I've switched over to Bounce.h from Button.h. That's working well. Don't forget you not only have to set your button pins as inputs but then also set them HIGH. Otherwise the built-in pull-up resistors aren't activated, your pins will float and your buttons will act crazy. Button.h does this for you, Bounce.h does not.
Step 7: Software - Big Characters
I got the concept for doing the big numbers from another project online. It's clever - you create an array of your custom characters, including a leading space, and then you read them out by offsetting based on the number you want to display with a loop to iterate over the next four characters. You do this for both lines of the number you want. There you go, a 2x3 big number.
This VFD has the advantage of a tight spacing of the 5x8 character cells. The 2x3 characters look pretty solid. The disadvantage is the bottom line is wired as a cursor, so it's either all on or all off. Hence the funny look at the bottom of some characters where you'd expect them to be rounded off.
Very, very occasionally you will see the display 'glitch' as it re-writes. It may be possible to improve this using 8-bit mode. I don't think it warrants the use of 2x the pins here. For highly speed-critical apps, like a sound spectrum display, 8-bit would probably offer an improvement. Then again, the glitching might be a controller artifact you would never notice on an LCD as they are just not as fast display-wise as the VFD.
Step 8: Hardware - Component Mounting
The case I chose has a number of screw mount points inside the chassis. Unfortunately, none of them are really where I need them. I needed the VFD a certain distance back from the blue plexiglass and I needed the RBBB so the power jack would be flush with the back. The solution was to cut and bend a piece of sheet metal to act as an internal mounting surface. I tried my best to bend it without a real sheet metal brake. It came out sort of sloppy but you don't notice it at all with the cover on. You can buy a sheet metal brake relatively cheaply. It's probably a good investment, along with a little spot welder. Oh, add in a sheet metal cutter. Now you can make your own enclosures anytime.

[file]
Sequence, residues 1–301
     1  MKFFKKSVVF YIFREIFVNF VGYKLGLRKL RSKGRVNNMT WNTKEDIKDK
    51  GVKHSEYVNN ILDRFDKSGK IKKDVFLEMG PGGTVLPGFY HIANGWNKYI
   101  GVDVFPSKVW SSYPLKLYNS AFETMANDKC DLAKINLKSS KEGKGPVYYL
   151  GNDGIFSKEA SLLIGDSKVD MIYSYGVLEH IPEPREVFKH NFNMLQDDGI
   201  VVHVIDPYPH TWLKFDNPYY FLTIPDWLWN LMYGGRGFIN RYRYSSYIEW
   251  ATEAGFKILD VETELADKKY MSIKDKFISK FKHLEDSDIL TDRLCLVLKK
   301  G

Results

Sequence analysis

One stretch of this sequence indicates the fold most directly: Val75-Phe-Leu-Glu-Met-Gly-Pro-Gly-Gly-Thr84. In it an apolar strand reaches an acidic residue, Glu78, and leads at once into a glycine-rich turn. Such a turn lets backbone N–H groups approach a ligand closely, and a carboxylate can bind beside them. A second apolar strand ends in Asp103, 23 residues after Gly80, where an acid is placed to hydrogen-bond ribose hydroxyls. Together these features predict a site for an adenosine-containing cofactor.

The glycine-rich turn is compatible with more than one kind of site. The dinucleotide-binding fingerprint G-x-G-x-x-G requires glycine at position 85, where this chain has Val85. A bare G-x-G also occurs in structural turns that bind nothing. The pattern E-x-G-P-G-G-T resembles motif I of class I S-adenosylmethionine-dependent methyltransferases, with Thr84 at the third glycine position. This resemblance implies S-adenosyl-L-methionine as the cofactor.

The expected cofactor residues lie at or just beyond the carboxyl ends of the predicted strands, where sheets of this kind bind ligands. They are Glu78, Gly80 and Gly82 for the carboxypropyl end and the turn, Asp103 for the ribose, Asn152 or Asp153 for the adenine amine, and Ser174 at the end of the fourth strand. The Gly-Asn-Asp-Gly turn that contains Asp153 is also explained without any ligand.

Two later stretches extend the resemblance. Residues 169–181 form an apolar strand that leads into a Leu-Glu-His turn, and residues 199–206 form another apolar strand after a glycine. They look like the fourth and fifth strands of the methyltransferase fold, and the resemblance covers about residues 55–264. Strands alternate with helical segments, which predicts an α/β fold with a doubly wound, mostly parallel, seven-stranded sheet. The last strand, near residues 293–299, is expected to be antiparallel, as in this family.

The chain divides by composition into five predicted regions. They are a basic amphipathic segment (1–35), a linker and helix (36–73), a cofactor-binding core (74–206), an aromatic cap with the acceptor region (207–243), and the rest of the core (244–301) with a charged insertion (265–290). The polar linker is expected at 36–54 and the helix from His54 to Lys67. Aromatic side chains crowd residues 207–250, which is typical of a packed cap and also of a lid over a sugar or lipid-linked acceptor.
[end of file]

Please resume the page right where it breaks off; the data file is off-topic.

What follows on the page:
As for the mounting hardware, it's expensive to buy in small quantities and cheap in large, like most hardware. I bought a grab bag online which had what I needed. Taking apart discarded consumer hardware is a good way to build up a collection of screws and standoffs.
Step 9: The Code
The code for the clock is at GitHub:
Version 1.3 used Button.h
Version 1.4 uses Bounce.h
Step 10: Concluision
Clocks are ubiquitous now. There's a clock on just about everything. Why do you need yet another clock?
Well, knowing the sunrise, sunset, noon and moon is helpful for a number of things. You can use it for determining when the fishing it best. You can figure out your Muslim prayer times. You can figure out other things for lunar-based calendars. If you pay attention to what solar noon looks like, you can get a sense of what time it is without a watch.
I am not sure the ATMEGA328 has enough RAM to do it, but it would sure be cool to calculate when a lunar or solar eclipse might be expected for your area.
I like the idea of my clock being accurate without the help of outside signals. One minute loss or gain per year is pretty accurate, at least for human activities.